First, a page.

This mode of behavior can work splendidly for many months, sometimes even years, until disaster strikes: a really-big-event-which-cannot-be-missed. Say, a parent celebrating half a century of life, most of which dedicated to nudging. This will cause the whole family to unite in dragging the poor misanthrope, the cute and gifted wandering lamb (says mother), that idiot (says father), to the family gathering. And thus, forced by the unfair laws of physics manifested in the fact that three uncles and one father have a combined mass of about twelve times his own, he will find himself bound to a long dinner table in front of many relatives that he has not met for years and never grieved their absence.

If you’ve had the misfortune of stumbling into a family dinner, you may identify the misanthrope quite easily by the following signs:

  • He’ll be late. He’ll arrive at the latest possible time, hoping in vain to reduce the amount of suffering he’ll need to endure.
  • He’ll take a sit as far as possible from the most talkative, jolly or drunk relative. If there are babies anywhere, he’ll treat them in the same friendly and easygoing way in which Europe accepted the black plague.
  • He will not show any affection towards his parents and siblings. In fact, the way he’ll stare at them would convince anyone of lesser knowledge than yourselves that he hates them more than anything in this world. In fact, the people of lesser knowledge would be right in this case: at the moment there’s nothing in this world which the misanthrope hates more than the people who made him come here. This felling will pass. Eventually. Maybe.
  • When some fool will try to start a conversation with him, the misanthrope’s reply will seem to be an outright insolence (if you’re the grandmother), a sheer vulgarity (if you’re one of the uncles) or a bit of really funny and witty humor (if you’re a child under 7). With a bit of luck, it will offend the silly do-gooder enough to silence him for the rest of the event.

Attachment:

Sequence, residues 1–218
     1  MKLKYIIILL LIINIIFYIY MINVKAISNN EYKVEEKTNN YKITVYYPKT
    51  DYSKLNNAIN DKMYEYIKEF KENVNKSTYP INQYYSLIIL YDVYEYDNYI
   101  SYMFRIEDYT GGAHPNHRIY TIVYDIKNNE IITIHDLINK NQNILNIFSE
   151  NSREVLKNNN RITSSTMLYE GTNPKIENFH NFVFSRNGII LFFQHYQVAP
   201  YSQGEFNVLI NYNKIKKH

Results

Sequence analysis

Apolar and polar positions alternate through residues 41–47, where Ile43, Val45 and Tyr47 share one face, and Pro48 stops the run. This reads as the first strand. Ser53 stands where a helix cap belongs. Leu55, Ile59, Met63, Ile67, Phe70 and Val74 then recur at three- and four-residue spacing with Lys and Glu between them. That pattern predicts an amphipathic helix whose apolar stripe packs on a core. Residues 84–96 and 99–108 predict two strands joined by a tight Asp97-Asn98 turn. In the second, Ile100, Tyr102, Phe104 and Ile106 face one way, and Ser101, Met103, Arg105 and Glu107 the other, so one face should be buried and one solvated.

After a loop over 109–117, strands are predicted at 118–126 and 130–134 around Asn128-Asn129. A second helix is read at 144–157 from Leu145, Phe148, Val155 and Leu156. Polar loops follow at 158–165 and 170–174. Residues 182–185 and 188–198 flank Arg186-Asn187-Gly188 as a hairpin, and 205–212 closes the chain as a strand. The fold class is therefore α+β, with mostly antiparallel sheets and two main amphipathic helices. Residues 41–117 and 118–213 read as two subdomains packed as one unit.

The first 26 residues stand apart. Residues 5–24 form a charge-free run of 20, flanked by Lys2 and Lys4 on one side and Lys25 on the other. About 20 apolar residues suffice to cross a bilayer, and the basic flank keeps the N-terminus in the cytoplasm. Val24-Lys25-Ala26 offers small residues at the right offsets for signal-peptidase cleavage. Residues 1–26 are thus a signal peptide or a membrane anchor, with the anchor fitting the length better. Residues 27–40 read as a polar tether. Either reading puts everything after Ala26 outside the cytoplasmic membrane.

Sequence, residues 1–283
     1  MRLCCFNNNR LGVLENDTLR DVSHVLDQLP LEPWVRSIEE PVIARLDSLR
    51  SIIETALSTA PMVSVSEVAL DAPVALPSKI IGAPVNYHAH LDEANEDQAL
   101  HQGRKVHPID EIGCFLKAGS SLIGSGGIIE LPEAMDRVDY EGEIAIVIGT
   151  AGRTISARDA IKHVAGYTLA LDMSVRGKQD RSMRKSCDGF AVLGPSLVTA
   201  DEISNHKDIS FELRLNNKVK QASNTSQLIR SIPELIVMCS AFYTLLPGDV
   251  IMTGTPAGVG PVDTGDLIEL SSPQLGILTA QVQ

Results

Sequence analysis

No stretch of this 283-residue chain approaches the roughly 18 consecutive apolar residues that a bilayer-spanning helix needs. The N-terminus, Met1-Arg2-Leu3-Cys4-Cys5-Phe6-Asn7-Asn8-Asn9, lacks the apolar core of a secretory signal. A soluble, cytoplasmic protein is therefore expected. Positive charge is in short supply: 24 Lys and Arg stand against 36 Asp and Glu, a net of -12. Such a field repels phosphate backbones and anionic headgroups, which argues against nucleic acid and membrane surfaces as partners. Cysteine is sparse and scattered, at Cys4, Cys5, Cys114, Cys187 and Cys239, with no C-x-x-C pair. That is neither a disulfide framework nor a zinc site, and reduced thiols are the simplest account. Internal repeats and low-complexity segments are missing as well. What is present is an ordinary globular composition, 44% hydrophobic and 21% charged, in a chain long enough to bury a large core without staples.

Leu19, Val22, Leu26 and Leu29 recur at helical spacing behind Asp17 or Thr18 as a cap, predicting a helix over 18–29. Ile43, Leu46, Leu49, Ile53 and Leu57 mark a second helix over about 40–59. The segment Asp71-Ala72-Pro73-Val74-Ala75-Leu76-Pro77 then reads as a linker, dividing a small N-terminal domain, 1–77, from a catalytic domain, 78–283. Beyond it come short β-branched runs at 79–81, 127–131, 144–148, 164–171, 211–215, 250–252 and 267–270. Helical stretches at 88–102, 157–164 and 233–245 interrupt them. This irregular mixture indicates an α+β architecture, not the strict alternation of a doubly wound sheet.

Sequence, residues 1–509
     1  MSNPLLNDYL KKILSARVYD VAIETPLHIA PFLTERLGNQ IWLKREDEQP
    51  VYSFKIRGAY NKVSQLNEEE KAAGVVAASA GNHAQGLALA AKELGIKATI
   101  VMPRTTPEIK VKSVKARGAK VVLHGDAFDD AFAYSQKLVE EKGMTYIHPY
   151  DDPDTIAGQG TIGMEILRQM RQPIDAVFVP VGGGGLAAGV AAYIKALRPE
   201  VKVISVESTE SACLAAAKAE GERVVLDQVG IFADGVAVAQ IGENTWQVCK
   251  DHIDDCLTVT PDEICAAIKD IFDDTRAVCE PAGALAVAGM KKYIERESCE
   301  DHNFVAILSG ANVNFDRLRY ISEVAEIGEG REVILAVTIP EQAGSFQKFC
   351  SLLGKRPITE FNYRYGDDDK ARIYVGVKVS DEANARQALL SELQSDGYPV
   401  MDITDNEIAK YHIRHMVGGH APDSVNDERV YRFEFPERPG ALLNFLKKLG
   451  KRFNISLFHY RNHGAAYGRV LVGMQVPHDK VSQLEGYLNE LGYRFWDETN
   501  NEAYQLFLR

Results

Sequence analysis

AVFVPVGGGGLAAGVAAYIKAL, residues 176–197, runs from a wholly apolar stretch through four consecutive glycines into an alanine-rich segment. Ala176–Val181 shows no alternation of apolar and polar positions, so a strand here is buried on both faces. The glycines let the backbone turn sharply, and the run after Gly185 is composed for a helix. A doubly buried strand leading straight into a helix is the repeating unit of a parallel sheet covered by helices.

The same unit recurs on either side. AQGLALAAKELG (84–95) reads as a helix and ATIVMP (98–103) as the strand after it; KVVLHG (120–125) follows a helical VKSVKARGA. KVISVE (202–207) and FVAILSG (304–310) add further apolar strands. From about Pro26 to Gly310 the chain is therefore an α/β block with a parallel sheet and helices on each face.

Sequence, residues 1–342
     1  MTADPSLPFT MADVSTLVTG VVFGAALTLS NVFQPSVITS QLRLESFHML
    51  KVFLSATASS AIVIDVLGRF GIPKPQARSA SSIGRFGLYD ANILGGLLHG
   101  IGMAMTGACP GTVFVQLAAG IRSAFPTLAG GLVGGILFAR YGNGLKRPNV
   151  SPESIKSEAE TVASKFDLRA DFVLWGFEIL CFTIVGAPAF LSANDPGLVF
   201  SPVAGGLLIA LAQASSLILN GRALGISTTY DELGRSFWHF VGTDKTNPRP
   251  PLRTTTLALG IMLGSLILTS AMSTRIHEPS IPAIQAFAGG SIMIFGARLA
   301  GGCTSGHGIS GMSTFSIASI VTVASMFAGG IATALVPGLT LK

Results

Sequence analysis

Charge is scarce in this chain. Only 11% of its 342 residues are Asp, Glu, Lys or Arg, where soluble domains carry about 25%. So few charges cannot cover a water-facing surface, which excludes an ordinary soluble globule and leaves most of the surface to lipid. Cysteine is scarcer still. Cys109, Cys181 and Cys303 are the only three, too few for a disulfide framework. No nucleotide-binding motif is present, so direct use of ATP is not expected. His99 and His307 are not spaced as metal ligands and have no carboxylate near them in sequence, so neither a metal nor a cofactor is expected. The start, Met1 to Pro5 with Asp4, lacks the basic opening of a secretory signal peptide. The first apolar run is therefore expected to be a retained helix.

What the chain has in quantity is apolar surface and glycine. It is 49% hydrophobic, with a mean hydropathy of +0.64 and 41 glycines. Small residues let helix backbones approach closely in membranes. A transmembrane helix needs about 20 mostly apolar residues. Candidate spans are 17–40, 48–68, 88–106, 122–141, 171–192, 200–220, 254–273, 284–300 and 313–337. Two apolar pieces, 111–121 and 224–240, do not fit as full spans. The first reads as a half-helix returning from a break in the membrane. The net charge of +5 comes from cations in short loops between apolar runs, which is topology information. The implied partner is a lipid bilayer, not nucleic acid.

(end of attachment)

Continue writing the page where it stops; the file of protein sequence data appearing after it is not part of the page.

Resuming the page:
• If sentimental speeches are involved, take a good look at the misanthrope – it is very rare to see that extreme amount of hatred emitting from a single person.
  • Same as above – if one of the babies starts crying.
  • Finally the misanthrope will find a way, a reason or an excuse to go away, and the world will look brighter. Especially to him.

In summary, if you are the proud parents, siblings, uncles, aunts or other relatives of a misanthrope, here are a couple of tips which will help you survive a family dinner in his company:

  1. Don’t invite him.

Thank you.

 

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Super-Smashing Soviet Cars!

I love cold-war espionage novels. I love the descriptions of life behind the Iron Curtain. And I definitely love the cars – the protagonist would always drive an old and cranky Lada, and the evil KGB (or better – NKVD) officer would drive a Volga.

But only now, visiting Ukraine, I got to see these cars for real. And I love the way they look!

So there:

 

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My Real Life

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Just Another Day at the Office

Here’s the new short video I’ve created for the company I work for. Or is that the company which works for me? Anyway:


Credits
Script: Nir Yaniv, Roni Ben Aharon, Shai Kfir, Tomer Lichtash
Camera: Roni Ben Aharon
Music: Barak Igal
Visual FX: Nadav Tal
Auxiliary Team: David Broder, Tali Ben Haim
Produced, Directed and Edited by Nir Yaniv